Fewer women majoring in computer science since 2000

Danette Spiers

Although CSUN has a high number of female professors in tenure at the Department of Computer Science, the percentage of female students attending classes within the department continues to decline.

In 2000, there were 209 female undergraduates enrolled in the department, but in the last year that number decreased to 35 students.

“I am worried because if women are not taking classes, how can they go on to graduate school and become faculty,” said Brenda Timmerman, an associate professor at CSUN who specializes in computer security.

Timmerman said that although she has developed her own theories as to why this is happening, there is not yet a clear answer.

“It is a huge question that we grapple with frequently,” Timmerman said.

Recent data from the American Society for Engineering Education indicates that the enrollment numbers for undergraduate degrees in computer science in the U.S. has decreased by more than 20 percent since 2004.

“The dramatic decline of young women studying computer science is very disturbing,” said

Betty Shanahan, executive director and CEO of the Society of Women Engineers, said in an e-mail interview, “I’m not sure that I know the complete answer. But some of the messaging on the discipline is not conducive to attracting young women.”

“As a profession we don’t emphasize the importance and value of the work of computer scientists,” Shanahan said.

The data from ASEE indicates there is more diversity among faculty members at engineering colleges, which includes computer science, with 11.3 percent of female tenured or tenure-track professors, an increase from 8.9 percent in 2001.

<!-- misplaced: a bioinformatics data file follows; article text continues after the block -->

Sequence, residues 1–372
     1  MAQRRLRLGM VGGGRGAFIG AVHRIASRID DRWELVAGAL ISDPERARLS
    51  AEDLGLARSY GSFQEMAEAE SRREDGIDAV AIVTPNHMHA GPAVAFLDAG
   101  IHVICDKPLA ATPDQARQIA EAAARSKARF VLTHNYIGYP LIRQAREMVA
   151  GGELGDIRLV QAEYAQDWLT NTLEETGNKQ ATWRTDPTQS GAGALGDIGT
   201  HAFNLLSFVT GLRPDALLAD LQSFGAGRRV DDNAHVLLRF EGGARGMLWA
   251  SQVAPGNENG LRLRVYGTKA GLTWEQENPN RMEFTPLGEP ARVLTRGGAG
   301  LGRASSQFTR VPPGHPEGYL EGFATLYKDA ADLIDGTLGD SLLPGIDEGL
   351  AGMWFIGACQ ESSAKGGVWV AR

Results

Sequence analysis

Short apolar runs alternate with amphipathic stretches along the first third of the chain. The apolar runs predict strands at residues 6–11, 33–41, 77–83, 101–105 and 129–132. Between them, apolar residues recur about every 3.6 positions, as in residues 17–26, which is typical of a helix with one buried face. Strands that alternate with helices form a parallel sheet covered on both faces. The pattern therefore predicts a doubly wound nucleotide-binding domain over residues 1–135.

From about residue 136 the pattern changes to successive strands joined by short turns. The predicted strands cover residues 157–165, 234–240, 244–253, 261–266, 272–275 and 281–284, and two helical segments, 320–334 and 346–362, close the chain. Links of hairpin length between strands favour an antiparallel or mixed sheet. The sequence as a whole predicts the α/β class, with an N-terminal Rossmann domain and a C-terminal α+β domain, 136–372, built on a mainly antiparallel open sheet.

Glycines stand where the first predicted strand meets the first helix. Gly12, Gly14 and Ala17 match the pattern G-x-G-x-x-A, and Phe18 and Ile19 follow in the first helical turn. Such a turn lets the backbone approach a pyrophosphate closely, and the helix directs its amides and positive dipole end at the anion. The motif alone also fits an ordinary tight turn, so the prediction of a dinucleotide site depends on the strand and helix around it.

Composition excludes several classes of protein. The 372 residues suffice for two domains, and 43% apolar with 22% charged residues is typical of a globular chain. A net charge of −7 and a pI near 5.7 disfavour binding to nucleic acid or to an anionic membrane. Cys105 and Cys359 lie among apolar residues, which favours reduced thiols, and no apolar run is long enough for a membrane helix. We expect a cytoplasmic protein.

The decline in female undergraduate students in engineering is concerning because there is still a desire for more female representation at engineering schools.

“I’m afraid the only women we have are getting ready to retire and we don’t have replacements,” said Gloria Melara, a computer science professor. “In five or 10 years, we may lose all of them.”

Nine female tenured faculty teach at the College of Engineering and Computer Science at CSUN.

Timmerman said the last time she remembered a female hired to work as a professor in the Department of Computer Science at CSUN was in 1998.

“We do have goals to get more women, both students and faculty, and we go recruiting,” Timmerman said.

They try to provide information about the different possibilities within engineering and computer science to high schools by speaking with students and counselors.

Mechanical Engineering Professor Shoeleh Di Julio has been teaching at CSUN for 18 years and has three female students out of a classroom of 30 students, Di Julio said.

Women teaching at engineering colleges make a difference for these female students who aspire to be in the field of science, Di Juio said.

“I have been told by female students that they like to see role models and sometimes they want to know if it’s really possible to have a career as an engineer and a family,” Di Julio said. “I tell them it’s possible?It gives them also indication that females are capable because a lot of times you get messages that maybe you are not good enough to do engineering.”

Timmerman said women need these role models in computer sciences. They also need encouragement starting in grade school, where computers are now being introduced to young students, Timmerman said.

One aspect that has turned males and females away from computer science, especially toward engineering is the concern that jobs in the industry will not be available, Timmerman said.

“There is a misunderstanding that most computer jobs are outsourced and that there are not jobs here, but that is not the case. There are definitely jobs for people who get a college degree in computer science” Timmerman said.

The Department of Computer Science has established a committee that will address the issue of student enrollment. The Society of Women Engineers continues to try to increase the number of women in engineering through outreach programs and public policy.